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Iegorova v. Light House Apartments

United States District Court, E.D. California

May 26, 2018




         Plaintiff filed her complaint pro se on April 19, 2018, ECF No. 1, along with an application to proceed in forma pauperis ECF No. 2. The court has reviewed the verified application and finds that plaintiff lacks the financial wherewithal to pay the fees and costs associated with the case and will, therefore, grant the motion.

         The court must dismiss a complaint or portion thereof if the prisoner has raised claims that are legally “frivolous or malicious, ” that fail to state a claim upon which relief may be granted, or that seek monetary relief from a defendant who is immune from such relief. 28 U.S.C. § 1915A(b)(1), (2).

         A claim is legally frivolous when it lacks an arguable basis either in law or in fact. Neitzke v. Williams, 490 U.S. 319, 325 (1989); Franklin v. Murphy, 745 F.2d 1221, 1227-28 (9th Cir.1984). The court may, therefore, dismiss a claim as frivolous where it is based on an indisputably meritless legal theory or where the factual contentions are clearly baseless. Neitzke, 490 U.S. at 327. The critical inquiry is whether a constitutional claim, however inartfully pleaded, has an arguable legal and factual basis. See Jackson v. Arizona, 885 F.2d 639, 640 (9th Cir.1989); Franklin, 745 F.2d at 1227.

         A complaint must contain more than a “formulaic recitation of the elements of a cause of action;” it must contain factual allegations sufficient to “raise a right to relief above the speculative level.” Bell Atlantic Corp. v. Twombly, 550 U.S. 544, 545 (2007). “The pleading must contain something more ... than ... a statement of facts that merely creates a suspicion [of] a legally cognizable right of action.” Id., quoting 5 C. Wright & A. Miller, Federal Practice and Procedure 1216, pp. 235-235 (3d ed.2004). In reviewing a complaint under this standard, the court must accept as true the allegations of the complaint in question, Hospital Bldg. Co. v. Rex Hospital Trustees, 425 U.S. 738, 740 (1976), construe the pleading in the light most favorable to the plaintiff, and resolve all doubts in the plaintiff's favor. Jenkins v. McKeithen, 395 U.S. 411, 421 (1969).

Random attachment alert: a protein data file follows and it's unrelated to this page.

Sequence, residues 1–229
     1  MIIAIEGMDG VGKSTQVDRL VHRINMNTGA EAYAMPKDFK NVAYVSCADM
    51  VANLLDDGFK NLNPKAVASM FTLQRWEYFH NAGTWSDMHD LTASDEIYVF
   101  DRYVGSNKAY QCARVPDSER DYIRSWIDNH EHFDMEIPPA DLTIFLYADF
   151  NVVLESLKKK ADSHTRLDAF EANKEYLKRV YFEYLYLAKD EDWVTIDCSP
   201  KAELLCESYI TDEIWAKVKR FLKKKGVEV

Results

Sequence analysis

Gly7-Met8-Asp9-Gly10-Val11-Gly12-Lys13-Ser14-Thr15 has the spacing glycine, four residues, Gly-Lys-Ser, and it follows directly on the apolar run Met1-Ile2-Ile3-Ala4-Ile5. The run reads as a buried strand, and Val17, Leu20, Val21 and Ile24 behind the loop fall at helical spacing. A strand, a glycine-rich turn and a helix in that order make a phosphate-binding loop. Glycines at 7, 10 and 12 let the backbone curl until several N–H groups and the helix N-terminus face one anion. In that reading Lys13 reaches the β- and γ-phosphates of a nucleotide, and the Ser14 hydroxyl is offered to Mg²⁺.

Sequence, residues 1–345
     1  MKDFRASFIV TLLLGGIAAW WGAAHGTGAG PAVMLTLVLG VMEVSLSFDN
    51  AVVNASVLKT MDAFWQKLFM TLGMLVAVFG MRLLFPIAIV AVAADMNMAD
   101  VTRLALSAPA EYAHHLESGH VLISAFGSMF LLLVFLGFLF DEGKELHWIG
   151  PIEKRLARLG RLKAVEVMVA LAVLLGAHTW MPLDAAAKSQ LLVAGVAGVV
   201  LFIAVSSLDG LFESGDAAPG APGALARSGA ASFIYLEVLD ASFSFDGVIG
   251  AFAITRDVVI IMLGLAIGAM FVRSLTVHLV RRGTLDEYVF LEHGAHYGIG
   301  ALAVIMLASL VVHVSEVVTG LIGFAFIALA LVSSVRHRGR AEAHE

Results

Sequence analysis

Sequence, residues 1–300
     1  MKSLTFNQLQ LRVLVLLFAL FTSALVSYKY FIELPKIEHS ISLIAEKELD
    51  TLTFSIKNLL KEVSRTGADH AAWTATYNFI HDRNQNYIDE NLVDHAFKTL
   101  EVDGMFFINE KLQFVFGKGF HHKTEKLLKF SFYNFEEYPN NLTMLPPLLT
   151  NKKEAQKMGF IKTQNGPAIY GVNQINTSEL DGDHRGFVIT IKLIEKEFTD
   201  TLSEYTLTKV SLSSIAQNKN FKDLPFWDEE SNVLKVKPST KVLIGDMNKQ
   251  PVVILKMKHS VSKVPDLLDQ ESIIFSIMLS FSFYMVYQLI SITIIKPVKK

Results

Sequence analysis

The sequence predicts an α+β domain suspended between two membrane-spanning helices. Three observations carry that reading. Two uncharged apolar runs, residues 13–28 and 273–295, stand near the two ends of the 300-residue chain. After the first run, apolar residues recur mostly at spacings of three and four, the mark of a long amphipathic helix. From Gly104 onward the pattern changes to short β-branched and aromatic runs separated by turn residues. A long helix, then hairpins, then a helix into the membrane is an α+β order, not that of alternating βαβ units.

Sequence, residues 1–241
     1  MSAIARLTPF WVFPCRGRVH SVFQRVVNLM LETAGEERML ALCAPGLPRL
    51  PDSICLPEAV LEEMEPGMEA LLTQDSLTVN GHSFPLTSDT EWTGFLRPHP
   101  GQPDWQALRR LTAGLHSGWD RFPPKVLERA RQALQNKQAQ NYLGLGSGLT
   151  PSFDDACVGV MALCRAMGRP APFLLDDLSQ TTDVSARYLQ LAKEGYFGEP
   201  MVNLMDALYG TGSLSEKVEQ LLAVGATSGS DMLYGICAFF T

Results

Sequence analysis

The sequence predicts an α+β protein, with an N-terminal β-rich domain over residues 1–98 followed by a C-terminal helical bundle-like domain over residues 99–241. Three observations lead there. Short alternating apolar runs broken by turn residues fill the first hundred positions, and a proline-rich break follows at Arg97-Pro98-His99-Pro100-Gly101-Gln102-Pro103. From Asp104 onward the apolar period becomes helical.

An essential element of a claim brought in federal court is the jurisdiction of the court. Federal courts are courts of limited jurisdiction and admission to these courts must be based on either a federal question of law, see e.g., 28 U.S.C. § 1331, which applies to civil actions arising under the Constitution, laws or treaties of the United States, or a diversity of citizenship between the parties in the action, see 28 U.S.C. § 1332, which applies when plaintiff is a citizen of one state and defendant is a citizen of another and the amount in controversy between them exceeds the sum or value of $75, 000.